Wednesday, April 13, 2011

april 13, 1811 (sat.)

It's Mr. Jefferson's 68th birthday, but that's not what's on his mind. Instead, he's thinking about the political state of South America.

Last fall he received a book from his friend, Alexander von Humbolt, a German scientist living in Paris, but because of the unstable political situation in France, he hasn't been able to send his thanks until now. The book was a volume of Humbolt's work about his recent travels in Latin America, Voyages aux regions du nouveaux continent, fait en 1799, 1800, 1802, 1803, et 1804.

Now he ponders the futures of those South American countries. New Granada, Uruguay, and Argentina are currently in the struggle for freedom, and other colonies are surely soon to follow, as all the world seems to be following the examples of the United States and France in throwing off the chains of monarchy.

"What kind of government will they establish? How much liberty can they bear without intoxication? Are their chiefs sufficiently enlightened to form a well guarded government, and their people to watch their chiefs? Have they mind enough to place their domesticated Indians on a footing with whites?"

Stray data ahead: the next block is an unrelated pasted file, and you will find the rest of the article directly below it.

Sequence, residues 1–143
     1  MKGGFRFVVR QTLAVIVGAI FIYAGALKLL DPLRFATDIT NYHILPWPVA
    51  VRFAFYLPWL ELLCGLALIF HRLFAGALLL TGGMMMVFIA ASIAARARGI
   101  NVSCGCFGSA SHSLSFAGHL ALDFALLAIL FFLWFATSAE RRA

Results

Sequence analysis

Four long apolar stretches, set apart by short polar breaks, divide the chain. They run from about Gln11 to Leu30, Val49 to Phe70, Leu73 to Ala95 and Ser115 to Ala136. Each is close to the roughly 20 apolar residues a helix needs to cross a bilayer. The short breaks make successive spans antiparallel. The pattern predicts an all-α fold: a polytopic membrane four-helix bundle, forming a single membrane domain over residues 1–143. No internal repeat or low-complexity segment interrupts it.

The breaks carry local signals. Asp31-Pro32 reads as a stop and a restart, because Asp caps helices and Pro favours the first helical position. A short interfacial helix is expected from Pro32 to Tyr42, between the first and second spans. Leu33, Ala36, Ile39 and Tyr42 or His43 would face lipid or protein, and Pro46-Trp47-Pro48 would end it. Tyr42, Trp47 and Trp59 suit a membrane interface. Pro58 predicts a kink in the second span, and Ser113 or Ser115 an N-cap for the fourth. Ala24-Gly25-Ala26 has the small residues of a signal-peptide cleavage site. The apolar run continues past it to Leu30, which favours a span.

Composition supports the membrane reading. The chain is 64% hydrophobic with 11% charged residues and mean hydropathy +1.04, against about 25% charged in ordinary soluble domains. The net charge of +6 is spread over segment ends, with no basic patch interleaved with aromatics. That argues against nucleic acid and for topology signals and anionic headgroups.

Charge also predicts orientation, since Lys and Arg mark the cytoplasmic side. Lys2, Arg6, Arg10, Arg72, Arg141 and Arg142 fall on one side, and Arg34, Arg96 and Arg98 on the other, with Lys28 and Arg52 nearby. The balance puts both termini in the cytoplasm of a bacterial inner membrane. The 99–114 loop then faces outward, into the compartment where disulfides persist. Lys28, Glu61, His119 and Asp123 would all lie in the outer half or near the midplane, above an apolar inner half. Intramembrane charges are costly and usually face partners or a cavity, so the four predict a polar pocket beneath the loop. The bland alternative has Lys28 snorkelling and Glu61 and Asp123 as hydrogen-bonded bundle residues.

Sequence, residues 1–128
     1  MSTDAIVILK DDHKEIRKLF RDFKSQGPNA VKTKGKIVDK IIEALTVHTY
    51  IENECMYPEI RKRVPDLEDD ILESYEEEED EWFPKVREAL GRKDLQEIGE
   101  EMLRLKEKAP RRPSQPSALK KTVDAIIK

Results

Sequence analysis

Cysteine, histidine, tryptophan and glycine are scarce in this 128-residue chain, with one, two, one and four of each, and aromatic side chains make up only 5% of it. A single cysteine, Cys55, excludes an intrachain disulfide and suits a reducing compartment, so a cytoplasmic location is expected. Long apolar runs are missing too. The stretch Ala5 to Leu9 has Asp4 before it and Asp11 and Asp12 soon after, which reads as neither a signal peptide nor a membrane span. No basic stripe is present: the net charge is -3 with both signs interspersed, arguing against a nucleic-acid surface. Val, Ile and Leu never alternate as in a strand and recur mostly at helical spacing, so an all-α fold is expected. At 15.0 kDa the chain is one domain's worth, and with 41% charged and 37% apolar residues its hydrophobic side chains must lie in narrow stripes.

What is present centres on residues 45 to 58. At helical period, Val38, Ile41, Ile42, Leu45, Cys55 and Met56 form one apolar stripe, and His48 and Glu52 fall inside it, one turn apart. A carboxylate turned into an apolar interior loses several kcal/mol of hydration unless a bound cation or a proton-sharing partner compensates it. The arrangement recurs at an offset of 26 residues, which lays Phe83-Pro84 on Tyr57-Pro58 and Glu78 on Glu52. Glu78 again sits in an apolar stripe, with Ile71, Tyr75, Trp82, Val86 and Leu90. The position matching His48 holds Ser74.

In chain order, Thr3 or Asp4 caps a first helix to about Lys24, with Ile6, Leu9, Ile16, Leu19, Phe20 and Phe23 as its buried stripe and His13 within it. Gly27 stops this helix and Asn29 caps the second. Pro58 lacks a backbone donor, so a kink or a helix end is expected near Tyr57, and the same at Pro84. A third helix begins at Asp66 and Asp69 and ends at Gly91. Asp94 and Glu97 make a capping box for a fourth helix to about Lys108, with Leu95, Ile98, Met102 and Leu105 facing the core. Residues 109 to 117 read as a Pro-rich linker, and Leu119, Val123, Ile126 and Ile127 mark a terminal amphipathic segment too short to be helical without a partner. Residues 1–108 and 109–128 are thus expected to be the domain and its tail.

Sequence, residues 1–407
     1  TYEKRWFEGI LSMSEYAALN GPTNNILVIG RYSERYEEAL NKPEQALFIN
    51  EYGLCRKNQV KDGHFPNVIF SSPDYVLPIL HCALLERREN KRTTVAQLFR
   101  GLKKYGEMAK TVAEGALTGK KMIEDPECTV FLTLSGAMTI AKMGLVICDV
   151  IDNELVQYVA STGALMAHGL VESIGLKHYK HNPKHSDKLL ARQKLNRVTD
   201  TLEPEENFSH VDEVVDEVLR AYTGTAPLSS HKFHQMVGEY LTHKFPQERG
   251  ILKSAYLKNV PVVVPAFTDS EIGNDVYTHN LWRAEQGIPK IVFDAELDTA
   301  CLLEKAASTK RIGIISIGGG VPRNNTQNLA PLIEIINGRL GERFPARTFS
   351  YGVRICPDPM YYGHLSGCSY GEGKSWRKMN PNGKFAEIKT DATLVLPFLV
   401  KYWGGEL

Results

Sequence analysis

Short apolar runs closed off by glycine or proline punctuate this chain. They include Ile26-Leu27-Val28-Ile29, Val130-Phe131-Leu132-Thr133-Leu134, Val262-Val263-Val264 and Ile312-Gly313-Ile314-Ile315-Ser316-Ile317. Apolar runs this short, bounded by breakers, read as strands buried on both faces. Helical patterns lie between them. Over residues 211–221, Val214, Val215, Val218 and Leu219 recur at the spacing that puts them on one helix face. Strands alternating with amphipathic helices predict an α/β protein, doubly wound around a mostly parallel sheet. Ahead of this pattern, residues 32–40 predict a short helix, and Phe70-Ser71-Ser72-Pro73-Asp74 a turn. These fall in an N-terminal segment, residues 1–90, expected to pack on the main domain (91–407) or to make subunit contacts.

Heaven knows these problems have been, and continue to be, difficult enough here on the northern continent.

Thursday, April 7, 2011

april 5, 1811 (fri.)

When Mr. Jefferson came back to Monticello from Bedford County about a month ago, he found the that the plants he'd started in the greenhouse had died during his absence. And he still didn't have his flour. The miller said he'd send it as soon as it was ground. It's not here yet, but should be coming soon, and some of it can then be sold, with the money going toward paying down debts.